Don’t retreat from tough decisions. Sometimes, someone must be fired, or reprimanded, or transferred, or penalized. An unpopular project must be abandoned. Goals must be sacrificed. This occurs in business, families, education, nonprofits, the arts and everyplace else. The longer these decisions are put off or ignored or delegated, the longer issues have to fester and become far more harmful.
Most people who are fired are soon much happier than they were when they were dreading going into work each day fearing the worst. An obvious poor performance in the arts or on the playing field is best dealt with honestly, since everyone is well aware that it’s happened. The ability to accept accountability for tough decisions is the hallmark of great leadership, no matter what the environment.
Create and sustain discipline and organization: how adept are you at the following?
- Meeting deadlines
- Fulfilling your commitments
- Completing tasks rapidly
- Locating needed information quickly
- Planning your time
- Establishing correct priorities
- Assessing risk and reward potential
- Identifying and mobilizing resources
- Building teams appropriate to the tasks
- Making rapid, successful decisions
- Solving problems rapidly and correctly
- Creating new ideas and innovating
These are the specifics of organization and discipline. And remember this definition: Organization + Discipline = Speed
Tomorrow’s leaders will have to be faster than ever, whether formal or informal, temporary or permanent.
Coach others formally or informally. There is an increasingly popular school of thought that the primary coaches in any organization have to be the leaders—not outsiders certified by others, no matter how adept. (Remember, we are both coaches!) In families, we’ve found that coaching is far better than fiat. (When I confronted my father with his own rules’ transgressions, he always used to say, “Do as I say, not as I do!” I never found that convincing and never dared try it on my own kids.)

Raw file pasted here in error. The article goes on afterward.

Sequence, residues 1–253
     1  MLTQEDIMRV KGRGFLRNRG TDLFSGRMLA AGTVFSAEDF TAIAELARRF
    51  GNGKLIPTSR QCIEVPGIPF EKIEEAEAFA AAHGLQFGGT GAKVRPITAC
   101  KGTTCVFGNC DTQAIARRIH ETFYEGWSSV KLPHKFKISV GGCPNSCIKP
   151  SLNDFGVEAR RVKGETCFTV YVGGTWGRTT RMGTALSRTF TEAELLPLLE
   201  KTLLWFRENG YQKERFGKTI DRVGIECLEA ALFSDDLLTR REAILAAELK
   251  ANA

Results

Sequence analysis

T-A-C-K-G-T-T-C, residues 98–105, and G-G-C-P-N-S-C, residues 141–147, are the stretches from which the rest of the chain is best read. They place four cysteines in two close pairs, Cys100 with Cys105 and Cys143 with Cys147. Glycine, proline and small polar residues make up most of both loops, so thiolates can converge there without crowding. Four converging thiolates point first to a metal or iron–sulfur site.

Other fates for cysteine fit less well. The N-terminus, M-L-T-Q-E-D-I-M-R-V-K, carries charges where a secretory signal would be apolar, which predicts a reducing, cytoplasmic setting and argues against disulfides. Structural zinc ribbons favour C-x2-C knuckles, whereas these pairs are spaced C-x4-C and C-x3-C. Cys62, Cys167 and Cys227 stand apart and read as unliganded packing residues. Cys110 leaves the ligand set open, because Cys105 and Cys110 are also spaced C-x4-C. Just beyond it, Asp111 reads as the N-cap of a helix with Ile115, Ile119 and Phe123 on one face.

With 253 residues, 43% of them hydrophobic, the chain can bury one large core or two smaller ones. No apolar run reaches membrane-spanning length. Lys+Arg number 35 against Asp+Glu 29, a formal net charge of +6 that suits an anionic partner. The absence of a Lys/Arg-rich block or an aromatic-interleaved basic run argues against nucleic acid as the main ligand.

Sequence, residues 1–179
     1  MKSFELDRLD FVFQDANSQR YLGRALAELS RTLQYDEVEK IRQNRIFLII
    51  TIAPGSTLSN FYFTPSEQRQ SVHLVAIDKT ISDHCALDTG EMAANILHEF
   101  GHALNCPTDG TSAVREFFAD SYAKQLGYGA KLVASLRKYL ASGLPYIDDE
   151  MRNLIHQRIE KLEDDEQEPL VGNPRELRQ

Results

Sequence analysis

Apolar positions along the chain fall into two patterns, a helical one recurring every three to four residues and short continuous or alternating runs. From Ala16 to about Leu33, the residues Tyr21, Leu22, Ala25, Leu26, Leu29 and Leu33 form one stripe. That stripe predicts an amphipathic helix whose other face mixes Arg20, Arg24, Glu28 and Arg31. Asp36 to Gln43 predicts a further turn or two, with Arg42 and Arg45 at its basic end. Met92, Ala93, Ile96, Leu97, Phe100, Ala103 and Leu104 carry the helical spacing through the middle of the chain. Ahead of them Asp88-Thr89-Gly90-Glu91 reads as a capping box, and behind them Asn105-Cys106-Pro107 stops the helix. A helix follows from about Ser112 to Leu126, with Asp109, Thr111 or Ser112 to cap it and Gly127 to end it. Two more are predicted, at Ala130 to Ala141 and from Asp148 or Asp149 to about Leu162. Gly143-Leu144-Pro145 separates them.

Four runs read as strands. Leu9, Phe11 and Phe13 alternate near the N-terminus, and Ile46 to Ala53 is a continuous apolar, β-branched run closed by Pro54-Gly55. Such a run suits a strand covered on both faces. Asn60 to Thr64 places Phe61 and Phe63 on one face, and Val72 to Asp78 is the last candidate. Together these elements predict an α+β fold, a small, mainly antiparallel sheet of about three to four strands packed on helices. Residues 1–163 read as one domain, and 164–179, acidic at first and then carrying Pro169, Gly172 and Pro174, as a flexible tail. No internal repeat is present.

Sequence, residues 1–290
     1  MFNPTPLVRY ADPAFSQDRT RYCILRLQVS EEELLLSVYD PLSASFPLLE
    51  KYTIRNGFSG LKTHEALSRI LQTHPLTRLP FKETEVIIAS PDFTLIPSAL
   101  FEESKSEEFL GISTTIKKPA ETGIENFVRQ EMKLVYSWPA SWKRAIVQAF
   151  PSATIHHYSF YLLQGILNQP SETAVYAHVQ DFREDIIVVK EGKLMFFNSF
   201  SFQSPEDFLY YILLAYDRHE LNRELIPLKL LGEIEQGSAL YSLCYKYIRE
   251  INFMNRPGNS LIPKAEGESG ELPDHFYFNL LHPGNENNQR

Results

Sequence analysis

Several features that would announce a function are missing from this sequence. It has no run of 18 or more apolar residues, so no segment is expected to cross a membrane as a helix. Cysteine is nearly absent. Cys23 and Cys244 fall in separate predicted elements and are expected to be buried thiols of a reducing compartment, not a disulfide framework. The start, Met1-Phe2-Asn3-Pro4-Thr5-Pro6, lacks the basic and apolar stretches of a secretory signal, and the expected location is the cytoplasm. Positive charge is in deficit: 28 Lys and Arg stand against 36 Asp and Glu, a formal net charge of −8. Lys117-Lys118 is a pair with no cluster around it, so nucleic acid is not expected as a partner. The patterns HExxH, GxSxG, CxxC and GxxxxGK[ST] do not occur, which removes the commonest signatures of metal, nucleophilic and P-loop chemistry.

The teacher learns more than the student and the coach learns more than the teacher. Have you ever helped others who approached you for advice or techniques? Did the advice or technique improve their condition?
Congratulations, you’re a coach! There is, perhaps, no more intrinsic aspect of leadership. And coaching isn’t merely remedial. Great athletes, performers, writers, and others all use coaches. Self-improvement seems to have a governor, like a car designed not to exceed 150 miles per hour, even though it could theoretically do so. The investment people make in themselves provides the greatest return of any investment they can make.
To maximize that investment’s return we will always need a coach at critical junctures. Consequently, that should be a priority in your preparation for your future (or present) leadership roles.
About the authors
Alan Weiss is an acclaimed consultant, speaker and author. His consulting firm, Summit Consulting Group, Inc., has attracted clients that include more than 500 leading organizations. He has published more than 500 articles and 60 books, including the best-selling Million Dollar Consulting.
Marshall Goldsmith is an executive coach and business educator. His mission is to help successful leaders achieve positive, lasting change in behavior, for themselves, their people, and their teams. He is the author or coauthor of Triggers, What Got You Here Won’t Get You There, and Mojo, among others.